With Artificial Intelligence becoming increasingly relevant to our daily lives, many inventors are looking to gain patent protection for their technology. As discussed in our previous insight here, there are extra considerations to bear in mind when seeking patent protection for an AI invention in Europe. However AI patent applications can be, and are being, granted at the European Patent Office.
Insights: patent protection
A patent provides an exclusive right, for a limited period of time, that can be used to prevent others from making, using, importing, or selling products and/or carrying out processes covered by the patent. This is all well and good for a multinational corporation that has the means to police their patents and sue infringers, but where is the value for smaller innovative companies, such as startups or SMEs, which are unlikely to have the resources to do that? Obtaining patent protection can be expensive and uncertain, so what’s the point?
Your engineers have been working on an exciting innovation. Their ideas have been developed in secret, and now they are ready for testing, which presents the issue of how to keep these new ideas secret. In the renewable energy sector, machines can be BIG. Consider GE’s Haliade X. This offshore wind turbine is 260 metres tall, and its rotor alone measures 220 metres. How do you test something like this in private?
Innovations in Artificial Intelligence and the Internet of Things are typically implemented in software and so can be challenging to patent at the European Patent Office. Firstly, patent protection for the invention must not be ruled out by the “software as such” exclusion of Article 52 EPC, and the invention must therefore solve a notional “technical problem”. Secondly, it must be possible to reduce an often complicated inventive concept to a single paragraph of text that can act as a patent claim. By way of illustration, this article looks at the patented smart home technology behind Nest Lab’s (“Nest”) learning thermostat, and explores how innovative start-ups can effectively protect their inventions.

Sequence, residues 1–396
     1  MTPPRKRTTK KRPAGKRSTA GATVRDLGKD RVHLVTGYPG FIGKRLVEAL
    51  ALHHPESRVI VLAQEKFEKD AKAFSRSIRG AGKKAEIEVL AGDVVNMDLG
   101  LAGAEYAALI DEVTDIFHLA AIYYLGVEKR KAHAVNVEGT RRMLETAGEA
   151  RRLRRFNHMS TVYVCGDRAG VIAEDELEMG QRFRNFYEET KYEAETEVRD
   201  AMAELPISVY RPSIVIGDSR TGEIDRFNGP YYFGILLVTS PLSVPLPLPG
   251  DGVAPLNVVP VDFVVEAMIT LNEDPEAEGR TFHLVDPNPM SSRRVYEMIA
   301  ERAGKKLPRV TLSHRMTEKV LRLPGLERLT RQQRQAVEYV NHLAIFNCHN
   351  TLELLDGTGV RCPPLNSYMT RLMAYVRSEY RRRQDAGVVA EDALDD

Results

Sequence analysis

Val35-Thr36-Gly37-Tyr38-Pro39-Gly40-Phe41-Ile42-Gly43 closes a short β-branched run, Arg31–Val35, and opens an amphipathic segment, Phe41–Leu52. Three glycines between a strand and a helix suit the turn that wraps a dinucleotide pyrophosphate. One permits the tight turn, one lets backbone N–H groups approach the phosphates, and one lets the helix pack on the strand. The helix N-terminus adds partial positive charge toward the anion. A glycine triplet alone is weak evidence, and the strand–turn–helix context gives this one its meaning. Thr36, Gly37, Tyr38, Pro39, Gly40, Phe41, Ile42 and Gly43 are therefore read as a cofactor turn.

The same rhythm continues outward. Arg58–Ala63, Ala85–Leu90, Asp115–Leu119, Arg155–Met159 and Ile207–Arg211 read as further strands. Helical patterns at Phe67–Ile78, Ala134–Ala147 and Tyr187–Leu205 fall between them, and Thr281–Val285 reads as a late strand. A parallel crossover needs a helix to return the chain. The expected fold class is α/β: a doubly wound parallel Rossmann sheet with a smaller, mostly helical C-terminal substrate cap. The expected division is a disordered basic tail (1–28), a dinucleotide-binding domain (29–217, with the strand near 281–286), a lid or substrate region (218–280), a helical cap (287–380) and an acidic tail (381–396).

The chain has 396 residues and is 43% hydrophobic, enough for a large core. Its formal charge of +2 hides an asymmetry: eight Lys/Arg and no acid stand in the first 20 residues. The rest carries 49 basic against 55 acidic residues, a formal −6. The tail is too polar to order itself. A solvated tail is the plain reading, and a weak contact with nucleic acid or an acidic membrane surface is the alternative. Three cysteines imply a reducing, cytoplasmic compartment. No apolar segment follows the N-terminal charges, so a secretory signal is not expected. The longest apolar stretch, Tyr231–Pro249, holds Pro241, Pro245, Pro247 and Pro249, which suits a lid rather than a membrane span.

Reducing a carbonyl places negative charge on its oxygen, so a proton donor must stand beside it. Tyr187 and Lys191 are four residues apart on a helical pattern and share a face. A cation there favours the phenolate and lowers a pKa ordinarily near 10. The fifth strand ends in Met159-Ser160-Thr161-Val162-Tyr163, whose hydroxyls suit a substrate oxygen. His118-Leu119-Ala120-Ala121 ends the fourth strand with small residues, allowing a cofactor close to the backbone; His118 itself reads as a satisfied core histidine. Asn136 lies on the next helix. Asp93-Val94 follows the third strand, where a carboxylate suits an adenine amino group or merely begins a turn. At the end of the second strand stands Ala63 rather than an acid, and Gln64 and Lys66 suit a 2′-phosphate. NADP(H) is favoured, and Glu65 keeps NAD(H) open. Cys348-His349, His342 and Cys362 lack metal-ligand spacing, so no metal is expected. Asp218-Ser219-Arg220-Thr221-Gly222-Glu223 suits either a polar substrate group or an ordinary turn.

At 1522 EDT on 30 May 2020, Doug Hurley and Bob Behnken in their Dragon capsule blasted off from Cape Canaveral and into low Earth orbit, propelled by the mighty Falcon-9 rocket. This was the first time a private company had sent astronauts to the International Space Station, and the first time since the end of the Space Shuttle program in 2011 that anyone had travelled into space from US soil.
Whether you like it or not, the UK is a windy place. It is therefore not surprising that wind accounted for more than 50% of the electricity generated from renewable energy sources in 2019. Modern energy generation wind turbines can come in many forms, in this blog I will discuss vertical axis wind turbines (VAWTs) which are becoming a larger part of the wind renewable energy market.
The Internet of Medical Things (IoMT) is a subsection of the more well-known Internet of Things. Broadly, the IoMT is a connected infrastructure of medical devices, software applications, and health systems and services. This infrastructure aims to improve accessibility of healthcare, while improving patient health and satisfaction with healthcare services. In 2016, it was predicted that by the year 2020, 40% of IoT technology will be health related1 (more than any other subsection). It has also been predicted that by 2022, the IoMT market will be worth roughly US$158 billion2, compared to a comparatively measly US$24 billion in 20163. We at Reddie & Grose have been closely following the progress of the IoMT which encompasses many rapidly advancing technologies and a number of potentially patentable areas.
“European SMEs generally make effective use of European patents to protect their key inventions, and successfully commercialise up to two thirds of them”, according to a new study published by the European Patent Office (EPO). However, serious challenges remain, ranging from a lack of IP expertise and resources available to SMEs, to the need for more contacts to support their commercialisation efforts across Europe.